Microsoft Flight Simulator Beta

The future of real-world plane travel is still up in the air at the moment, but that’s okay. The next best thing, Microsoft Flight Simulator, should enter closed beta testing some time in July.

An official update on the Flight Simulator website provides a development roadmap (flightmap?) for the next few months of work on the game. While there’s no concrete date just yet, the roadmap states that a closed beta for the game will start in mid-July.

Microsoft Flight Simulator Beta Roadmap

The roadmap is fairly comprehensive, showing some of the other milestones in the ongoing project. A third alpha test began for the game on May 14, with two more scheduled for June. It’s worth noting that the beta will likely only start on time if everything in these alpha tests goes according to plan.

Microsoft Flight Simulator‘s beta roadmap

The roadmap also details a variety of changes that have been made to planes and airports within the game. Some planes are now easier to control in the air, while additional bug fixes have been introduced. Considering that many game studios are so secretive about in-development projects, it’s nice to get a blow-by-blow report on how the Baron G58’s propeller speed has been altered to match real life.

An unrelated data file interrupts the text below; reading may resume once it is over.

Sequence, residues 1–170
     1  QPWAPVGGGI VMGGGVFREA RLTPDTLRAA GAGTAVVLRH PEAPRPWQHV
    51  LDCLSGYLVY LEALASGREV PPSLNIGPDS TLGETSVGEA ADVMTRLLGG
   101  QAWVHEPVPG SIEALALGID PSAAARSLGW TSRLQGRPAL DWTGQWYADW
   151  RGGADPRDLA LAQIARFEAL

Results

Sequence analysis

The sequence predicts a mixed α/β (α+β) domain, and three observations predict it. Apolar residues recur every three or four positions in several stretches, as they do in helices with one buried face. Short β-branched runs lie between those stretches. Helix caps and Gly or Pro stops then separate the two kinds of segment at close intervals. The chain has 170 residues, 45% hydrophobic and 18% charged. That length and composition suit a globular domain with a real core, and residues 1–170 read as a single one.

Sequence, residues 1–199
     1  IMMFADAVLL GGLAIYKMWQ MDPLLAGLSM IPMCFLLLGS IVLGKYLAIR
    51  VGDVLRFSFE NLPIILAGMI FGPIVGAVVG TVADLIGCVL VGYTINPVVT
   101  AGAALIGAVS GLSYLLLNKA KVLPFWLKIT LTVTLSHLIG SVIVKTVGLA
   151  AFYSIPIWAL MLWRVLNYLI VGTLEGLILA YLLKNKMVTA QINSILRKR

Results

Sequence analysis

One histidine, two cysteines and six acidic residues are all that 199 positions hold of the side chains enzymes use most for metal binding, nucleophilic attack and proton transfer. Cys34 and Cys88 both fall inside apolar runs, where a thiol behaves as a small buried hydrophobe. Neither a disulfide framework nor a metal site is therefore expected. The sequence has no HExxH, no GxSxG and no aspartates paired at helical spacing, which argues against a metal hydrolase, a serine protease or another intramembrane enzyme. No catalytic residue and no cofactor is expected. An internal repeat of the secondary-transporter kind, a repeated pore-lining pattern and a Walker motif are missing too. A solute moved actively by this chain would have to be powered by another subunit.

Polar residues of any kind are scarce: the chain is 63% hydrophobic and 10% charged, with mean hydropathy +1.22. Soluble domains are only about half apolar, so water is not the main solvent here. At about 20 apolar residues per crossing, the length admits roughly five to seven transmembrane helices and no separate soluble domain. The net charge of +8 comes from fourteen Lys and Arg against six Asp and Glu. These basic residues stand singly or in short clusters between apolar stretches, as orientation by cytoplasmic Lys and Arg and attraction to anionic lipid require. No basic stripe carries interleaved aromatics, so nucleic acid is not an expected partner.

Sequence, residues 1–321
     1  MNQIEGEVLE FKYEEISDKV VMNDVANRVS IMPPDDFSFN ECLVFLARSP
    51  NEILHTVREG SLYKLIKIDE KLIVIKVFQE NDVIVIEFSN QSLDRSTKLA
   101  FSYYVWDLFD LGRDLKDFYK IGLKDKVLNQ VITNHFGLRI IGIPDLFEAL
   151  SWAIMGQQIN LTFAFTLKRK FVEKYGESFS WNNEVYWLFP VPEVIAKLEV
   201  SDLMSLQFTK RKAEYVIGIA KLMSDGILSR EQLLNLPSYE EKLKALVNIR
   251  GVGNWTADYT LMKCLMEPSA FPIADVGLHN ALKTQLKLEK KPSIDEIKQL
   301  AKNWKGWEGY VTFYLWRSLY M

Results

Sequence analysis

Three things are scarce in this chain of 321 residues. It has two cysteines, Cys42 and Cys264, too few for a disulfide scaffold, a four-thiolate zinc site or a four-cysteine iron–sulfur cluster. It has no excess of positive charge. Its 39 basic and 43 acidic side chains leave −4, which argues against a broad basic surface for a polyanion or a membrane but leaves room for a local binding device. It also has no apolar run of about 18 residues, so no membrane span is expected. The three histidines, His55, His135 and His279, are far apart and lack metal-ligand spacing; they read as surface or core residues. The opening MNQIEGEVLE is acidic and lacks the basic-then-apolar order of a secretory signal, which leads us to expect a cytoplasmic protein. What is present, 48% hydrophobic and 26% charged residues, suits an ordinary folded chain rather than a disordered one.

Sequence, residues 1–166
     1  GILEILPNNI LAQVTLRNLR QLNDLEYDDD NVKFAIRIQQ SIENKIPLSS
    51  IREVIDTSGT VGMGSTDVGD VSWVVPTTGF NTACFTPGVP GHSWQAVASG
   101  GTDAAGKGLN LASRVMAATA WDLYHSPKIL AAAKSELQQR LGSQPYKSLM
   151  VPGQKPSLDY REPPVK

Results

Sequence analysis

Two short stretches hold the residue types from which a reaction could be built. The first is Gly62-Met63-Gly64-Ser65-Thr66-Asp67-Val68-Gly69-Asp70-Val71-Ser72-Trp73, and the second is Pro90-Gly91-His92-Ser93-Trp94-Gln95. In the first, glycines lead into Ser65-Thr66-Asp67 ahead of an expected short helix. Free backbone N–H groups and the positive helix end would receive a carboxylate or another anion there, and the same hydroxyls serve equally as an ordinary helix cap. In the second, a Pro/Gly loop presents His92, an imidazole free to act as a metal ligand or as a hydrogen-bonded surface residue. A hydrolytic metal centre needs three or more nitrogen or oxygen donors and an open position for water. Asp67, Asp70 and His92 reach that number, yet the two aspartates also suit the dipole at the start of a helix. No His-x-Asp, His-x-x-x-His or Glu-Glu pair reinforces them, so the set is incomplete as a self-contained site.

The notes also explain that the Socata TBM 930 can now teleport when its fuel tank is full. Just like real life.

Microsoft Flight Simulator Beta Plan

At present, Microsoft Flight Simulator is still scheduled to leave beta testing and release in 2020. Whether the game makes this date remains to be seen, especially considering how much work still needs to be done. When finished, Flight Simulator will purportedly feature every airport on Earth. This kind of infrastructure is going to take time, and development isn’t exactly easy under current remote working conditions.

Regardless of whether the game makes its vague release date, it’s clear that work is progressing nicely. Before too long, plane enthusiasts will be able to take to the digital skies – even if boarding an actual plane will be a lot more challenging.

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